right and a duty to congratulate yourself for the suffering you have 
escaped and inner demons you have vanquished. 

AQUARIUS (Jan 20-Feb 18): "To regain patience, learn to love the sour, 
the bitter, the salty, the clear." The poet James Richardson wrote that 
wry advice, and now I'm passing it on to you. Why now? Because if you 
enhance your appreciation for the sour, the bitter, the salty, and the clear, 
you will not only regain patience, but also generate unexpected oppor¬ 
tunities. You will tonify your mood, beautify your attitude, and deepen 
your gravitas. So I hope you will invite and welcome the lumpy and the 
dappled, my dear. I hope you'll seek out the tangy, the smoldering, the 
soggy, the spunky, the chirpy, the gritty, and an array of other experiences 
you may have previously kept at a distance. 

PISCES (Feb 19-March 20): "A thousand half-loves must be forsaken 
to take one whole heart home." That's from a Coleman Barks's transla¬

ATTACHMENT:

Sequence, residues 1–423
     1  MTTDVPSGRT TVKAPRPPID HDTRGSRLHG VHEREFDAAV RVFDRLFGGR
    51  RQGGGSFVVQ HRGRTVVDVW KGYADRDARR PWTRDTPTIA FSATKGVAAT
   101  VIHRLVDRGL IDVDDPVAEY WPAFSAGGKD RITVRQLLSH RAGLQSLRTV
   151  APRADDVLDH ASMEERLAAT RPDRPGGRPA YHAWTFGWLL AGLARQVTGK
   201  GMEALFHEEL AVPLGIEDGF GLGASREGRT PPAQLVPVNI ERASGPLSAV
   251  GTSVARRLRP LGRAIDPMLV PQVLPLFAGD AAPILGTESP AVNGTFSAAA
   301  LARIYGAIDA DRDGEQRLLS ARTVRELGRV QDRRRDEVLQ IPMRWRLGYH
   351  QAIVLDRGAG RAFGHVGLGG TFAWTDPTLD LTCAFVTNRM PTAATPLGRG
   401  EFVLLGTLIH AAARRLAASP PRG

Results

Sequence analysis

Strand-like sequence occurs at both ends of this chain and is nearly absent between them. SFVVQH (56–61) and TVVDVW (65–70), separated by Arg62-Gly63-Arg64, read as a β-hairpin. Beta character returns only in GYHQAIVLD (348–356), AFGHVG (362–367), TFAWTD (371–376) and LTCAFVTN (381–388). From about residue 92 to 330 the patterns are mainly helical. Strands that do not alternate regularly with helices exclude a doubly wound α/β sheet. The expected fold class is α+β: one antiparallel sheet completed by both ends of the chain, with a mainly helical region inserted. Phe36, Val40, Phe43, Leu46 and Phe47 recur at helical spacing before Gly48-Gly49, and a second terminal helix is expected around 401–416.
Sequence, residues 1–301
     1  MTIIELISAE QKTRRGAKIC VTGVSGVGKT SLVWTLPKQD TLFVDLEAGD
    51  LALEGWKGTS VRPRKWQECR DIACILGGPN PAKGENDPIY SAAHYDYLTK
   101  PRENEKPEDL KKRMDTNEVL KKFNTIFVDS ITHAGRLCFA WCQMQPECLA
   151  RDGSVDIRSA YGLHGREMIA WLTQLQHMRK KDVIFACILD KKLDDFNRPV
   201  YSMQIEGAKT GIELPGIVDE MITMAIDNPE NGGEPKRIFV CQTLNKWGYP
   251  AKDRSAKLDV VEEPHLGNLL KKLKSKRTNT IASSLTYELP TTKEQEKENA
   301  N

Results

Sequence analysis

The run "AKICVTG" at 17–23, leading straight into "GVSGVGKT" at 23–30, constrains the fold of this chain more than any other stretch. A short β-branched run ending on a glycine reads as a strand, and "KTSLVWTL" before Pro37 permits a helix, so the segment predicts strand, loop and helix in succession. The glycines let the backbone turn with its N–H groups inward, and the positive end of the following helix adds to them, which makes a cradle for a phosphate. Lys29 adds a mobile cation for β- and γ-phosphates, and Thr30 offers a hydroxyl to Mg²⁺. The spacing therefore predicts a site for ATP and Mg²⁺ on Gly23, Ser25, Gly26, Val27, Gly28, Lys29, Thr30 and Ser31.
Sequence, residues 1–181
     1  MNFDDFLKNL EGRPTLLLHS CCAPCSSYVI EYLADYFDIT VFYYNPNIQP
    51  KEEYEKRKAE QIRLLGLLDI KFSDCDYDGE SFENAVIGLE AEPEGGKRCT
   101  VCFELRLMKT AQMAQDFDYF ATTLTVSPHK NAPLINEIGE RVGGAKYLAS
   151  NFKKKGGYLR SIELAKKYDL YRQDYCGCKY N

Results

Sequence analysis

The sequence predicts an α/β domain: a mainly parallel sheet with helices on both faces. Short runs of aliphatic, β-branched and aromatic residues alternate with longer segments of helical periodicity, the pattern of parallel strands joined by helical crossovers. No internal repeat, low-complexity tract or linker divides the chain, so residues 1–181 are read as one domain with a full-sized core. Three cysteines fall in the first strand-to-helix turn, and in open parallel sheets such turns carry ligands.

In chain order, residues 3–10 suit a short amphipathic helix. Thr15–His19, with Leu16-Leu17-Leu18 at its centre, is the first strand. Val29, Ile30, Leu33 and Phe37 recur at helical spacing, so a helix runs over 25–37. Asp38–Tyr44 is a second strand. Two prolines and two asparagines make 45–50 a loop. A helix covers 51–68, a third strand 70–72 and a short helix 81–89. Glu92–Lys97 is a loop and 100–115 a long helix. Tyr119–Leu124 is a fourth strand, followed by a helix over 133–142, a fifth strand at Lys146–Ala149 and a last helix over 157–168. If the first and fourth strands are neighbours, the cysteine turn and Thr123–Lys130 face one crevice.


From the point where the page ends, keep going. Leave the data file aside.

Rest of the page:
tion of a poem by the 13th-century Islamic scholar and mystic known 
as Rumi. I regard this epigram as a key theme for you during the next 
12 months. You will be invited to shed a host of wishy-washy wishes 
so as to become strong and smart enough to go in quest of a very few 
burning, churning yearnings. Are you ready to sacrifice the mediocre in 
service to the sublime? ■ 








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KELLY 0 


VENDEMMIA Chef Brian Clevenger named his restaurant after the Italian word for “ harvest . ” 


Sampling the Spring 
Harvest at Vendemmia 

It takes no risks, and its rewards are small—but tasty. Its 
owner also runs East Anchor Seafood next door. 


F or chefs, spring is an exhilarating time. 

Vegetables such as asparagus, nettles, 
ramps, green garlic, English peas, and fava 
beans signal that, after months of potatoes 
and parsnips, we are moving toward the sum¬ 
mer growing season, toward 
the sweetness of zucchini, to¬ 
matoes, and corn. But spring’s 
ingredients—green, grassy, 

tender, fleeting—are delicious 
in their own right. 

Every April, I begin scour¬ 
ing restaurant menus and their social-media 
sites for spring dishes. A few weeks ago, I